Smart Cities and IoT Australia and New Zealand

Cities are about people. They are not machines but have human personality traits, quirks & a unique DNA shaped by their culture, their environment and their people.

No city is the same and there is no blue print or one size fits all approach to unlocking their latent potential. Some are healthy, vital, exciting & productive but many are not. Transforming and resuscitating cities- making them liveable, competitive & sustainable requires a carefully crafted individual response. It’s often more about psychology than planning, engineering or architecture. (Ludo Campbell-Reid)

There is no one-size-fits-all connectivity solution for Internet of Things particularly when applied to Cities.

From fill-level monitoring of rubbish containers needing to transfer a few bytes of information once an hour , through to unmanned aerial vehicles (drones) relaying high-definition video over long distances, the diversity of applications is far too great for any one technology to dominate.

The requirements of IoT are driving massive innovation in the connectivity space, and this site will help to educate where NZ and Australia can benefit from these emergent technologies.

Australian and New Zealand Cities are relatively young in comparison to many of their European counterparts. However, both countries consistently have cities that rank very highly in yearly rankings for quality of life.

The Mercer Quality of Living Survey in 2016 ranked the following ANZ cities …. Auckland (3rd) , Sydney (10th) , Wellington (12th) ,  Melbourne (15th) , Perth (21st) , Adelaide (27th) , Canberra (28th) , and Brisbane (36th).

Rank City Country
1 Vienna Austria
2 Zurich Switzerland
3 Auckland New Zealand
4 Munich Germany
5 Vancouver Canada
6 Dusseldorf Germany
7 Frankfurt Germany
8 Geneva Switzerland
9 Copenhagen Denmark
10 Sydney Australia
11 Amsterdam Netherlands
12 Wellington New Zealand
13 Berlin Germany
14 Bern Switzerland
15 Toronto Canada
15 Melbourne Australia
17 Ottawa Canada
18 Hamburg Germany
19 Luxembourg Luxembourg
19 Stockholm Sweden
21 Brussels Belgium

Table 1 = Top 21. Full list can be downloaded from the Mercer website.

As new technologies develop, they present the opportunity for us to make our cities and towns safer, smarter places. For example, sensors that monitor traffic congestion or noise allow us to respond in real time to issues that affect our cities, like traffic incidents, or vandalism. (1)

As yet there are no definitive rankings for Smart Cities. No doubt there is a group of analysts looking into these metrics for future release.

Several proof of concept or pilot projects are underway in Australia and New Zealand. There is a significant opportunity to test new technologies and implement the best solutions over the coming few years.

The Smart Nation project – New Zealand.

Together with Auckland, Wellington and Christchurch councils, LINZ have identified key benefits that are wanted for the Smart Nation project and these include…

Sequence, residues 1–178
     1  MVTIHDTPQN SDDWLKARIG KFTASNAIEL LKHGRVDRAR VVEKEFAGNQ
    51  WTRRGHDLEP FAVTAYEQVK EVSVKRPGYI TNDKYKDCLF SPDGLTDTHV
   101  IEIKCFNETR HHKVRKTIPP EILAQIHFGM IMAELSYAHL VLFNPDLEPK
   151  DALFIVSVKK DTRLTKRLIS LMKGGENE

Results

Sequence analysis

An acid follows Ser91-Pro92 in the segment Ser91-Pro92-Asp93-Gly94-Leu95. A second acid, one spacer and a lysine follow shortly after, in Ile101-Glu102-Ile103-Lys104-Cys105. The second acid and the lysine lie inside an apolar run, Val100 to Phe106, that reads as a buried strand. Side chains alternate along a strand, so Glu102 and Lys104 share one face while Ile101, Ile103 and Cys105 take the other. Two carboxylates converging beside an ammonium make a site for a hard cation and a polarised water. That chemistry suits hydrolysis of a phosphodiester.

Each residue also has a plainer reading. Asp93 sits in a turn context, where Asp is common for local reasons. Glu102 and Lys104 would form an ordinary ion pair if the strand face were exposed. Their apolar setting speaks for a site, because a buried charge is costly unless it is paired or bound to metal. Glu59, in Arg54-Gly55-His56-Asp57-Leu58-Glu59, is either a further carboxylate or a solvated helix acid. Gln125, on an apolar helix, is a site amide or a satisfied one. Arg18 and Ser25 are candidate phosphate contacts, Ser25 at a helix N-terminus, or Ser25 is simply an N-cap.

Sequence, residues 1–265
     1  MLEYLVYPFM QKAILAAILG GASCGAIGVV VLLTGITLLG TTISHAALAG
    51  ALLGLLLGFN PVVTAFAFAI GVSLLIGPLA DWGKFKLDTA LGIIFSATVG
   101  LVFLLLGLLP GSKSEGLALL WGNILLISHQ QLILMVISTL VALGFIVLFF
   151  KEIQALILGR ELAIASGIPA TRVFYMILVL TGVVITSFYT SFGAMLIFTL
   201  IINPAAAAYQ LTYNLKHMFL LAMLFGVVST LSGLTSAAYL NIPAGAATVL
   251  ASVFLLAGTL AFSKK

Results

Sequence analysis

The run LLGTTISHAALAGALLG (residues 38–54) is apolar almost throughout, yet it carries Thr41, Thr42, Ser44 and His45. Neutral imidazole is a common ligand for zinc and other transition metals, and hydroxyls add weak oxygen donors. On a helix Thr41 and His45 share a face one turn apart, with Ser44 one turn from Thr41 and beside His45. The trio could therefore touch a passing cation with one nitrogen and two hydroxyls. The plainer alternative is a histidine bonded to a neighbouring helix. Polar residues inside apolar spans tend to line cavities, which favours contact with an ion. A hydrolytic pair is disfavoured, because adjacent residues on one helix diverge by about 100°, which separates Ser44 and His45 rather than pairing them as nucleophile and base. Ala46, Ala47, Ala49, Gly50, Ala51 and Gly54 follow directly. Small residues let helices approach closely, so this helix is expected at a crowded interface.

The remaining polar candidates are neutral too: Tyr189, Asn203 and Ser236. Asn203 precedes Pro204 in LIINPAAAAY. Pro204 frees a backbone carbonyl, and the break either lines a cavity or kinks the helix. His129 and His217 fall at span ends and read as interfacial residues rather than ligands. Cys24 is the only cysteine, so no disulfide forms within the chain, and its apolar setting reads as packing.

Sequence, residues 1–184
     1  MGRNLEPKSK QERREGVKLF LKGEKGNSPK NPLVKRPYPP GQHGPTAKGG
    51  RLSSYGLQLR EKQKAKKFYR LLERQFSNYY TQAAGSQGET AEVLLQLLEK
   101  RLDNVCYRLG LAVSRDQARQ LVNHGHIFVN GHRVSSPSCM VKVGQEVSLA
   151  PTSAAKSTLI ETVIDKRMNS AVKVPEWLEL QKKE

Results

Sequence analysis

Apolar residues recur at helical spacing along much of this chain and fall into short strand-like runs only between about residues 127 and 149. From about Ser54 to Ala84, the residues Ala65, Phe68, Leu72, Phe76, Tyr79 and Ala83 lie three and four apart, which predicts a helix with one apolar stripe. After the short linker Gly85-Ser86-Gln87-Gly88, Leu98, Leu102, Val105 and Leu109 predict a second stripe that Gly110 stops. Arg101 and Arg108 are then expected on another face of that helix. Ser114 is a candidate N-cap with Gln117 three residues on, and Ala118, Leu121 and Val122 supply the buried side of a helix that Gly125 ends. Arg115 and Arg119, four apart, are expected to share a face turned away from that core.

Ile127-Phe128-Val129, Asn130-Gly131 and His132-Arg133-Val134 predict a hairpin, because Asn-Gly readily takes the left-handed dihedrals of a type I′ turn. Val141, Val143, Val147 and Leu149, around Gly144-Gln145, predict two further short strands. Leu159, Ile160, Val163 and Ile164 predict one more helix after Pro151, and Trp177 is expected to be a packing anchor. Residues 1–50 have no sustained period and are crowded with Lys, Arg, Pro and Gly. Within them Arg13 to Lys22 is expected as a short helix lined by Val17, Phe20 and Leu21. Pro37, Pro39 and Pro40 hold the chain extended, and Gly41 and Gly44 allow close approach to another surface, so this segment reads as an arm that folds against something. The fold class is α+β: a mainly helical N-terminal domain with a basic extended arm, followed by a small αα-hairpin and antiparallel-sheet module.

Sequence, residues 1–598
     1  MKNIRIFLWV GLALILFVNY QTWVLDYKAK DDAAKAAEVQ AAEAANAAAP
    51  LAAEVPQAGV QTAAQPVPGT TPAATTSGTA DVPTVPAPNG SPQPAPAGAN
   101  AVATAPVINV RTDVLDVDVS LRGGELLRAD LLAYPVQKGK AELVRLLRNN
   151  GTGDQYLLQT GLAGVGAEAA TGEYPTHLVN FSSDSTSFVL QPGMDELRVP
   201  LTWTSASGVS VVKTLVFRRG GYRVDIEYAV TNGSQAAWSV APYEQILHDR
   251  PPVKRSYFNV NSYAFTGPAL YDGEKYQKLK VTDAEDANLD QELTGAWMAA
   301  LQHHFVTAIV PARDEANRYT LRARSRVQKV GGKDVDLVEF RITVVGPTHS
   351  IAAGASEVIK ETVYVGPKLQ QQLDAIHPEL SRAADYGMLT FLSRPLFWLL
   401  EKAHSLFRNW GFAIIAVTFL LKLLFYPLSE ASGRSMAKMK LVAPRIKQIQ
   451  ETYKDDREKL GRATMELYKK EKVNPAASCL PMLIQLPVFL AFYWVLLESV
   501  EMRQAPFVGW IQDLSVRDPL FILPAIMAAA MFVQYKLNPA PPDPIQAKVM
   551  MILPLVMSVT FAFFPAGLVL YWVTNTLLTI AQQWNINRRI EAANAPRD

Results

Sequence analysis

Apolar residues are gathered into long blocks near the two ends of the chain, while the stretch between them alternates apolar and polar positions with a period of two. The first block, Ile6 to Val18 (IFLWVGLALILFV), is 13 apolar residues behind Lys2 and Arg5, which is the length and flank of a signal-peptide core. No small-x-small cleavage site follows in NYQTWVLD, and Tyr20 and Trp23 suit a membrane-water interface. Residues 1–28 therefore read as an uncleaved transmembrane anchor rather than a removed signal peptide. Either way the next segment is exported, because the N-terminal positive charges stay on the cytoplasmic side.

• access to more data that will help form new policies, and improve planning and decision-making at a local, regional and national level
  • more resilience in how Councils plan for, manage and fund city assets through improved maintenance planning, and better understanding of how these assets should be used
  • attraction of international talent to experiment and develop technologies in our cities as ‘living laboratories’
  • creation of new business opportunities, employment and export earning through supporting existing and start-up companies to use sensor technologies and data services.


In Australia the Australian Smart Communities Association (ASCA) has been around for several years promoting ways councils can become more efficient using smart technologies. In 2016 with a wider choice of emerging technologies the association is currently testing lighting , parking , smart waste , Wi-Fi and IoT platforms in sites like the Sunshine Coast , Geelong and Ipswich.


Low Power Wide Area Networks (LPWAN) one of the keys to unlocking greater IoT adoption.

In 2015 industrial and enterprise IoT solutions attracted over 75% of funding as compared to consumer IoT companies; this trend is expected to continue in 2016.

Between 2010 and 2015, over $7.5 billion has been invested in IoT companies globally in over 900 deals. In 2016 the investment in IoT should increase significantly. Table 2 and (3).

Thinxtra has now launched a Sigfox Network in Australia and New Zealand. Thinxtra has already signed off on a 1 million unit contract with a Australian solution developer for remote gas tank monitoring using LPWAN technology instead of the traditionally more expensive 3G/4G connectivity.

Smart City ANZ will be bringing articles out about how traffic flow , parking , wi-fi connectivity , rubbish collection , street lighting and the overall environment will benefit from these developments over the next 20 years.

(1) Smart Cities Smart Nation NZ – Smart Nation Project

(2) Australian Smart Communities Association – ASCA Site

(3) Live Mint – 22nd September 2016

Smart Cities and IoT Australia and New Zealand